Doug flew home Monday morning, and after taking the backstage tour of Cirque du Soleil's KA, I left Vegas about 2:30 in the afternoon for my FAVORITE PLACE ON EARTH. I stopped for fresh groceries in Pahrump, and got to the Furnace Creek Visitor's Center about 4:45, just in time to talk to a ranger about camping. She said Wildrose campground was open, as well as Emigrant campground. And some nice fellow travelers took the picture on the right. Yes, folks, it was 116 DEGREES at 5 pm that day. It really didn't feel that bad...pretty hot, but not horrible...

I drove across the valley, stopping for some photos. Wildrose is about an hour from Furnace Creek, so I got there around 6 pm.

The Mesquite sand dunes. This is the side road that goes to Wildrose; it used to connect with another road to Trona, but that's been washed out for years. Emigrant Pass looking down through Nemo Canyon. You can see the road I'll be on in a few minutes. The road into Wildrose is like this for a couple of miles, way fun.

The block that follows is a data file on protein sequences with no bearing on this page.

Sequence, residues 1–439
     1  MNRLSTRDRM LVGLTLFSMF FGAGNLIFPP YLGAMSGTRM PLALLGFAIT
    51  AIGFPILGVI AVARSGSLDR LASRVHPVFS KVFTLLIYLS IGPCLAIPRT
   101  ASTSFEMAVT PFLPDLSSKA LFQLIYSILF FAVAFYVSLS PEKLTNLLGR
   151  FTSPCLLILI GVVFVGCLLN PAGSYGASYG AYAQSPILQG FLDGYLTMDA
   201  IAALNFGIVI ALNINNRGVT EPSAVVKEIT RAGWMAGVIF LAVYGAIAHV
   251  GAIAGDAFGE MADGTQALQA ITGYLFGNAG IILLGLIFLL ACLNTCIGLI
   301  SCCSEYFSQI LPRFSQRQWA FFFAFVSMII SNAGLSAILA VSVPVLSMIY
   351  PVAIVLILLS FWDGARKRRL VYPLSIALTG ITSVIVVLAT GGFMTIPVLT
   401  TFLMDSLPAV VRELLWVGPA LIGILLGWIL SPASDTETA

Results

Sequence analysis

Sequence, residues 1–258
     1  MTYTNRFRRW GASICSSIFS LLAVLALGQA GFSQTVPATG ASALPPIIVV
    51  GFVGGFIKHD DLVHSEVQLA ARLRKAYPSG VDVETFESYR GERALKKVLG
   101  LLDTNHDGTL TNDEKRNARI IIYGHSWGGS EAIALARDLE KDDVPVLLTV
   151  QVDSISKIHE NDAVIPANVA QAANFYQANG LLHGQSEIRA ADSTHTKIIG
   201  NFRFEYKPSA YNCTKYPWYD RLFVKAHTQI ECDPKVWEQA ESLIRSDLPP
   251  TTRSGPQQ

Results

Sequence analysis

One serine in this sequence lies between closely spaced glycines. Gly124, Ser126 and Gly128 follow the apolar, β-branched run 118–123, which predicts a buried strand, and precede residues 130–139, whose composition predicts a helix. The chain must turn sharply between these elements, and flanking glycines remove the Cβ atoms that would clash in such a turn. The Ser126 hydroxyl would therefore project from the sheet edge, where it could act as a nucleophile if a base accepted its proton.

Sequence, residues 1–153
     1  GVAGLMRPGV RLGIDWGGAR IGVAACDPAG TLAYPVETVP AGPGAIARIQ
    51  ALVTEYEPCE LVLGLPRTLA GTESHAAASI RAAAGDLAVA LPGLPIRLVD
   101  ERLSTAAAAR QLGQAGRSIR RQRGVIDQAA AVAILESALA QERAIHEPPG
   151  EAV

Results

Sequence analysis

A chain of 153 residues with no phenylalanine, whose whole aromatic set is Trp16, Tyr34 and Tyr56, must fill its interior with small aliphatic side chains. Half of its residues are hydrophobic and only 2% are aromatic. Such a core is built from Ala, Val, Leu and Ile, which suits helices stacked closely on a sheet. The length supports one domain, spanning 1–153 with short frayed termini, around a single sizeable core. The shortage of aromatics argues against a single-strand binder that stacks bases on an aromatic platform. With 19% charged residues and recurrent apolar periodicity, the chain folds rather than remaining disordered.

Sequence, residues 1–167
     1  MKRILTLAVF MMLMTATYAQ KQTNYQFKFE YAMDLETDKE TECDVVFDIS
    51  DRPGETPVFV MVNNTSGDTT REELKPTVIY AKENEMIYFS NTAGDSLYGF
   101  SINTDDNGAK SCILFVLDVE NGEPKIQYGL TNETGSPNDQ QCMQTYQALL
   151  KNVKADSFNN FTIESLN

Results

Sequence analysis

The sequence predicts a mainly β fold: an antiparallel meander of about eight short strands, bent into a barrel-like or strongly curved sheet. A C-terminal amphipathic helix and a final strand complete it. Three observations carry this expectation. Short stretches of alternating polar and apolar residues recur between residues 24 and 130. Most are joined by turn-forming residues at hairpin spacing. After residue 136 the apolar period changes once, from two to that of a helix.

On the left are two pics of the about bare bones! but there was shade behind my truck, and it was only about 95 at 6 pm. I just sat and drank cold drinks and read til 7 or so, when the shade reached the picnic table; then I made dinner, stayed up til darkish and went to bed.

On the right is the canyon I drove down to get here, and the moon hanging above it.

The light woke me up early the next morning. Another pic of the beautiful canyon behind me, and I turn my truck to drive farther up the Wildrose road.

Quail drinking water from a spring that is running down the road, and the jackrabbits were zipping across the road like crazy.

A picture out the window of my truck; that's where I'm going.

Bunny under a bush!

And the Skidoo sign. I'm almost there!

The Wildrose Charcoal Kilns were built in 1877, and only used for two years; the charcoal was sent down to Skidoo to smelt the ore they mined there. When the mine stopped producing, the Modoc Mines Company walked away from these kilns and just left them there. They are awesome-you can walk inside them (easily- they're 20 feet high). You can see them from Google Satellite. And they are also at the trailhead for a couple of the best Death Valley hikes...Wildrose Peak and Telescope Peak.

Today my goal was to hike Wildrose Peak, the second highest peak in the Panamint Range at just over 9000 feet. The trail is 4 miles each way, and trail guides say it's 'strenuous', which sometimes means just that, and sometimes is said just to keep non-hikers from trying something difficult...but four miles? I can do that, easy peasy. Or so I thought...